Medicine: Brazilian oil industry gets support from new congressional caucus

BRASILIA: Brazilian lawmakers have set up a congressional caucus to represent Brazil‘s oil and gas industry, led by state-run producer Petrobras, and to back the company’s plans to explore offshore fields near the mouth of the Amazon River.
“Petrobras has to do that. We have to explore for oil off-shore from Para to Amapa states, like Guyana and Venezuela are doing,” the leader of the caucus, retired army general Eduardo Pazuello, said in an interview late on Wednesday.
Petrobras has planned to explore in the so-called Northern Brazilian Equatorial Margin, following major discoveries in neighboring Guyana and Suriname. But Brazil’s environmental protection agency has denied the company a license and asked for more studies on the risks of drilling there.
President Luiz Inacio Lula da Silva’s cabinet is divided over drilling in the region. The Mines and Energy Ministry favors drilling, but environmental officials have blocked it.
“The government is split, but it will do it. We have to explore for oil at the mouth of the Amazon,” Pazuello said.
Environmental groups have called on the government to block exploration near the mouth of the Amazon, arguing that it will damage a vulnerable and little-studied area where South America’s biggest river flows into the Atlantic ocean.
Neighboring states want exploration to proceed because it will bring investment and jobs.
The Parliamentary Front in Support of Oil, Gas and Energy, as the caucus is called, was launched on Tuesday with 217 members, or 42% of the lower chamber of Congress.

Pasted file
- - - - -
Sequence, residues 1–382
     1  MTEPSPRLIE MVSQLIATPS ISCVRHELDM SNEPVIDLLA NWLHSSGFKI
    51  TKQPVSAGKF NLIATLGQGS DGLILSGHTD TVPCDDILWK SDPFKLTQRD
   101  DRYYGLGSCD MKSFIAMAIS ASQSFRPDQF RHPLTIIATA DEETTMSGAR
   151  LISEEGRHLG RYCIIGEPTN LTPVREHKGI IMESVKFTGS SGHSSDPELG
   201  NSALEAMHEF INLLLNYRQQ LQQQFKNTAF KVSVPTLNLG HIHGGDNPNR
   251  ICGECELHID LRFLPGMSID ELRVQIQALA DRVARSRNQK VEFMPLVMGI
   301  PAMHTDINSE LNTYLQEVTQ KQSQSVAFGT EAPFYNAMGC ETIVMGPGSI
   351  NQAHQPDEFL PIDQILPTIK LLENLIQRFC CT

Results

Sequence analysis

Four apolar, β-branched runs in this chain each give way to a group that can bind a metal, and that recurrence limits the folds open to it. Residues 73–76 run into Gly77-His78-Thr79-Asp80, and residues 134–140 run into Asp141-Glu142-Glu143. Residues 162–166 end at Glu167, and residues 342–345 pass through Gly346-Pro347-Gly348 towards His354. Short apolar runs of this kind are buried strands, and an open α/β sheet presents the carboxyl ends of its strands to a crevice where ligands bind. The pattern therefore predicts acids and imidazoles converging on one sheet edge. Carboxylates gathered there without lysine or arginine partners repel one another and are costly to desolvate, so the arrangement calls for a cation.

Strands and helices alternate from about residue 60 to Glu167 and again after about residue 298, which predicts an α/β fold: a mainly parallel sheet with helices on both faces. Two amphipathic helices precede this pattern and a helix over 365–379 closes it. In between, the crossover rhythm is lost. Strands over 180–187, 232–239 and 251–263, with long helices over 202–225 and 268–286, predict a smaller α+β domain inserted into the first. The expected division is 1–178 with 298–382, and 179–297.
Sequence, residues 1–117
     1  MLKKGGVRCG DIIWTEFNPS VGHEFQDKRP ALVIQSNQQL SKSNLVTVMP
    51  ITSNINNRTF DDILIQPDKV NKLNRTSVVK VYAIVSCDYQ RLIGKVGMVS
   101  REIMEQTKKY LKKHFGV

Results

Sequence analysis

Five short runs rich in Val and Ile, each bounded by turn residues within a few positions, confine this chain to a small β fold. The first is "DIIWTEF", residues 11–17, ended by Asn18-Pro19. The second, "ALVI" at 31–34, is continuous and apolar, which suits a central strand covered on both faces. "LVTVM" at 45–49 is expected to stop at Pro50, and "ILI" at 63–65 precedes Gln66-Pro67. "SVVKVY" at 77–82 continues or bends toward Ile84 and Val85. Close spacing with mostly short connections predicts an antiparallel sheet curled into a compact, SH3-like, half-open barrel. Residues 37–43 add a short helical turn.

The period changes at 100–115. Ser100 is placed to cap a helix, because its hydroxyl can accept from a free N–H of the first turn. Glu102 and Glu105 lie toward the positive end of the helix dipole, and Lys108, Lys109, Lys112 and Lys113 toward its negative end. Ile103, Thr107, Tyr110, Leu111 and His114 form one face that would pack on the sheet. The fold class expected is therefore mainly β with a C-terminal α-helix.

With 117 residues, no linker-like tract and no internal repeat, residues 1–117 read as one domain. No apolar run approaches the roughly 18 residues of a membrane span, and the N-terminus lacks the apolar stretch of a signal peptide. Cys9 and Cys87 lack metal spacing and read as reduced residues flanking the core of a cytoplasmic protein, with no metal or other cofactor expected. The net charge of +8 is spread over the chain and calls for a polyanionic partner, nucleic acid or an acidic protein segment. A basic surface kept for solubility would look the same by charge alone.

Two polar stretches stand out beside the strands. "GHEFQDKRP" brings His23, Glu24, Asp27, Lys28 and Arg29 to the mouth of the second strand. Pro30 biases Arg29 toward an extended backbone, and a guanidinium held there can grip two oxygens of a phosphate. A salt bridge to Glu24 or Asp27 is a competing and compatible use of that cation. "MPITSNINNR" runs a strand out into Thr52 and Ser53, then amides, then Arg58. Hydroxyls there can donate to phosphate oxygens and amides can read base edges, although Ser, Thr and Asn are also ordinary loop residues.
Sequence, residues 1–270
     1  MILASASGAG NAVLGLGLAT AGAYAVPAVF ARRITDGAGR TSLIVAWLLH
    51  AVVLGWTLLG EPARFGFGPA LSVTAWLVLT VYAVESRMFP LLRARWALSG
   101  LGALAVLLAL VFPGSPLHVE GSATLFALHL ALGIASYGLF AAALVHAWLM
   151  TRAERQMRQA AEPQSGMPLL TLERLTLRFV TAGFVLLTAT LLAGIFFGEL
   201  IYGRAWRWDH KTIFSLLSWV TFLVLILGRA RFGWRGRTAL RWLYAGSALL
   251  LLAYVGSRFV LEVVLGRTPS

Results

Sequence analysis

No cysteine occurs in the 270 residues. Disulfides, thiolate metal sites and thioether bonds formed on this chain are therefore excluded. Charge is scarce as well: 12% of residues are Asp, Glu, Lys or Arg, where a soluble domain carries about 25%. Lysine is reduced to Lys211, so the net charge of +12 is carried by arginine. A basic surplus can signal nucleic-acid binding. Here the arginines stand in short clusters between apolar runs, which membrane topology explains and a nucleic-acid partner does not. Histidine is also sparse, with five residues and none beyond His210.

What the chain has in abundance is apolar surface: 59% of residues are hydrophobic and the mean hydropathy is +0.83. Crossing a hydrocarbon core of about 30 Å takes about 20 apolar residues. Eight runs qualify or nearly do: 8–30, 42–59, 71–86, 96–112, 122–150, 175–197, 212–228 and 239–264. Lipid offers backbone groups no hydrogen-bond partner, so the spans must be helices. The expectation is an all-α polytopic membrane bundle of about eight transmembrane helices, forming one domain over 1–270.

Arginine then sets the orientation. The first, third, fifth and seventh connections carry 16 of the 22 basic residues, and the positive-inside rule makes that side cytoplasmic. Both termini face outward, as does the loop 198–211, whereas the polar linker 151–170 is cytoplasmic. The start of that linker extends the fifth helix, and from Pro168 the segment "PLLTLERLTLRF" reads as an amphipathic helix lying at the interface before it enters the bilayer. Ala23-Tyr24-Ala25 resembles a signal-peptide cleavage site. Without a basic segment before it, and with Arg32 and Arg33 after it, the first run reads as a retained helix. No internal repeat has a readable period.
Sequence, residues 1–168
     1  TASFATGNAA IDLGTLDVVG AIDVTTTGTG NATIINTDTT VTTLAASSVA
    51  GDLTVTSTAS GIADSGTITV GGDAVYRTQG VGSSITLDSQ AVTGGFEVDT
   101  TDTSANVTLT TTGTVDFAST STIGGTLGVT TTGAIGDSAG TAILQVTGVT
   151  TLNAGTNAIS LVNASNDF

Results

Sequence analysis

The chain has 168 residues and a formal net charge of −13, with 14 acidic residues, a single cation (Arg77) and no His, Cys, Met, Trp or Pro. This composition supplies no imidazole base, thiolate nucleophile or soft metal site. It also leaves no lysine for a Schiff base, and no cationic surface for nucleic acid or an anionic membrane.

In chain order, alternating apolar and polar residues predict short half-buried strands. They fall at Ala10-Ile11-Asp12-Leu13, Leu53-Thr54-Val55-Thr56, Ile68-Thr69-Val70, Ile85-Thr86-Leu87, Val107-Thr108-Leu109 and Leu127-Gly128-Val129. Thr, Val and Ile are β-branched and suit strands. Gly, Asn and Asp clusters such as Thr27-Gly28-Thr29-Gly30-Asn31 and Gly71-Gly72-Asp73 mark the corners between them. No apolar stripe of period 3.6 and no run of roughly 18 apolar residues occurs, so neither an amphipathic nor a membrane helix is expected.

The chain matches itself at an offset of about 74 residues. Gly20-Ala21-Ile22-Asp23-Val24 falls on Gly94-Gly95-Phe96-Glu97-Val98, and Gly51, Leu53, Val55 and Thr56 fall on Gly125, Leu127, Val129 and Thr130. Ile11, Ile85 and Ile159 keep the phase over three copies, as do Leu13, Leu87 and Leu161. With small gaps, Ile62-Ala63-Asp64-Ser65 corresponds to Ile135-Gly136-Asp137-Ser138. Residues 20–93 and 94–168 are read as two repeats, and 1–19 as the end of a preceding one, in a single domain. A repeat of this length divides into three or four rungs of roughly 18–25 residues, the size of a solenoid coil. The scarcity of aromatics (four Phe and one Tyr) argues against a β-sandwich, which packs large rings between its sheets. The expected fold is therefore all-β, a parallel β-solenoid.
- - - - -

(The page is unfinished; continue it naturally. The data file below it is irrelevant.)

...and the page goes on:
Pazuello said the caucus will work in the interests of energy producers and distributors, along with hundreds of oil and gas equipment and service providers, including foreign firms such as Norway’s Equinor, the second-biggest operator in Brazil after Petrobras.
He said the launch of the caucus received unprecedented support in Congress and was a non-partisan effort. Its deputy leader is Washington Quaqua, of President Lula’s Workers Party.
The caucus will seek to mobilize political support in Congress to press the government to explore near the mouth of the Amazon and pass legislation to expand energy infrastructure in Brazil.
Pazuello said Brazil is a world leader in renewable energy sources, with 85% of its electricity provided by hydroelectric, wind, solar or nuclear generators, but the transition to cleaner energy will continue to require oil and even coal for some time.
Pazuello, who was health minister for former far-right President Jair Bolsonaro during the pandemic, was elected to Congress in 2022 from Rio de Janeiro, the state where much of Brazil’s oil industry is based.

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